https://doi.org/10.1371/journal.pone.0099733.s001

(TIF)

Figure S2.

(A) Paracellular permeability of CD34+-derived ECs after co-culture with different types of cells in EGM-2 supplemented with 2% fetal calf serum (FCS). Results are Mean ± SEM (n = 6). (B) Characterization of bovine pericytes by phase contrast and Immunocytochemistry for the expression of vimentin, neuro-glial 2 (NG2), platelet-derived growth factor receptor beta (PDGFR-β), and α-smooth muscle actin (α-SMA). Scale bar corresponds to 50 µm. (C) The induction of BBB properties on CD34+-derived ECs requires the presence of pericytes in the co-culture system since pericyte-conditioned medium does not have the same BBB-inductive properties. CM stands for conditioned media.

https://doi.org/10.1371/journal.pone.0099733.s002

(TIF)

Figure S3.

(A) Double immunostaining for anti-human receptor for advanced glycation endproducts (RAGE) and anti-human organic cation/carnitine transporter (OCTN2; also known as SLC22A5) in monoculture (A.1) or in co-culture of CD34+-derived ECs with pericytes (A.2) at day 6. In the co-culture system, RAGE is present essentially in the luminal side of endothelial cells and OCTN2 in the abluminal side, while in monoculture, both markers seem to be located in the same plane. Bar corresponds to 10 µm. (B) Stability of the BBB properties after removal of the pericytes. CD34+-derived ECs were in co-culture with pericytes for 14 days (1) or in co-culture for 6 days and then 8 days in monoculture (2).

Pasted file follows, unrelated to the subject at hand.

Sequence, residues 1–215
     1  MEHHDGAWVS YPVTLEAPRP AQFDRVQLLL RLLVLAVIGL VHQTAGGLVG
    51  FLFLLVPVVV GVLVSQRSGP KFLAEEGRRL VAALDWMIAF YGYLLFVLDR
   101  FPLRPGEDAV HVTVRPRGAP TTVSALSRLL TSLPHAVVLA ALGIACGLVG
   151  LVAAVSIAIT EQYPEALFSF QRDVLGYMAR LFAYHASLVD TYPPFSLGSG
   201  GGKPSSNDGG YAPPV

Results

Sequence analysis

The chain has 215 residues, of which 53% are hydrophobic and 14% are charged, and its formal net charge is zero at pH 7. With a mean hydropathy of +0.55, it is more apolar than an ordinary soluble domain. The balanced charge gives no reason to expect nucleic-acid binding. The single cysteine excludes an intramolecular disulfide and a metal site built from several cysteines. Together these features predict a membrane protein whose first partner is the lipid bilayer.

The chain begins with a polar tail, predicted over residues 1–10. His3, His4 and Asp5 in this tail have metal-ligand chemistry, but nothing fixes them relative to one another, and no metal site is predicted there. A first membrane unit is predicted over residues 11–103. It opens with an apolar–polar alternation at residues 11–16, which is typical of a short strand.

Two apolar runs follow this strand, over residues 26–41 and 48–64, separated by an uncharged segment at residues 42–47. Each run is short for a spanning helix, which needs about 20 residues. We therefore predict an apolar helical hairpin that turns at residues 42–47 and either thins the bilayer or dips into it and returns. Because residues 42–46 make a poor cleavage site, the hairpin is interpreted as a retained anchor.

https://doi.org/10.1371/journal.pone.0099733.s003

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Table S1.

Antibodies used for immunofluorescence, flow cytometry and Western blot.

https://doi.org/10.1371/journal.pone.0099733.s004

(DOC)

Table S2.

Primers used for quantitative real time-PCR and non-quantitative PCR*.

https://doi.org/10.1371/journal.pone.0099733.s005

(DOC)

Table S3.

Down-regulated genes in the microarray. Gene expression on CD34+-derived ECs in co-culture at day 6 and 3 was significantly different regarding BBB markers, specifically for efflux transporters including solute carrier family members SLC2A3, SLC6A6 and SLC47A1 (downregulated at day 6) and non-BBB markers such as channels and extracellular matrix. These results show that the induction process is a dynamic process affecting the expression of transporters, channels and ECM components.

https://doi.org/10.1371/journal.pone.0099733.s006

(DOC)

Table S4.

Up-regulated genes in the microarray. Gene expression on CD34+-derived ECs in co-culture at day 6 and 3 was significantly different regarding BBB markers, specifically for efflux transporters including solute carrier family members SLC30A3, SLC26A10, SLC13A3 and SLC44A5 (upregulated at day 6) and non-BBB markers such as channels and extracellular matrix.

https://doi.org/10.1371/journal.pone.0099733.s007

(DOC)

Acknowledgments

The authors thank Laura Carreto for microarray analyses. The authors also thank the Dr. Daniel de Matos Maternity Hospital in Coimbra and Hospital Infante D. Pedro in Aveiro for providing cord blood samples.

Author Contributions

Conceived and designed the experiments: RC SA ES MC MPD LF. Performed the experiments: SA ES CA LD CC. Analyzed the data: RC SA ES CA MC LD CC BE MPD LF. Contributed reagents/materials/analysis tools: RC BE LF. Wrote the paper: SA RC LF.